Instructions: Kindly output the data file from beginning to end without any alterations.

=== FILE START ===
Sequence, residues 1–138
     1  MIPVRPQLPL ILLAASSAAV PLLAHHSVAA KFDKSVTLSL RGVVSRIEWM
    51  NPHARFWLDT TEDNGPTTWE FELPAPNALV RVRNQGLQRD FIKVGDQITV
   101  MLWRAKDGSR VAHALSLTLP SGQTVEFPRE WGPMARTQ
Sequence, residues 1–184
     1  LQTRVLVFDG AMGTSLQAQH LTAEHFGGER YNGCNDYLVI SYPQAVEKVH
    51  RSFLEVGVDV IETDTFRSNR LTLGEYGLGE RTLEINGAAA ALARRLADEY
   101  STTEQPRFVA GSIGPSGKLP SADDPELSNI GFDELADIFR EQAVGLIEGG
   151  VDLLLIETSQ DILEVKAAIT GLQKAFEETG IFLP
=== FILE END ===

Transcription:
Sequence, residues 1–138
     1  MIPVRPQLPL ILLAASSAAV PLLAHHSVAA KFDKSVTLSL RGVVSRIEWM
    51  NPHARFWLDT TEDNGPTTWE FELPAPNALV RVRNQGLQRD FIKVGDQITV
   101  MLWRAKDGSR VAHALSLTLP SGQTVEFPRE WGPMARTQ
Sequence, residues 1–184
     1  LQTRVLVFDG AMGTSLQAQH LTAEHFGGER YNGCNDYLVI SYPQAVEKVH
    51  RSFLEVGVDV IETDTFRSNR LTLGEYGLGE RTLEINGAAA ALARRLADEY
   101  STTEQPRFVA GSIGPSGKLP SADDPELSNI GFDELADIFR EQAVGLIEGG
   151  VDLLLIETSQ DILEVKAAIT GLQKAFEETG IFLP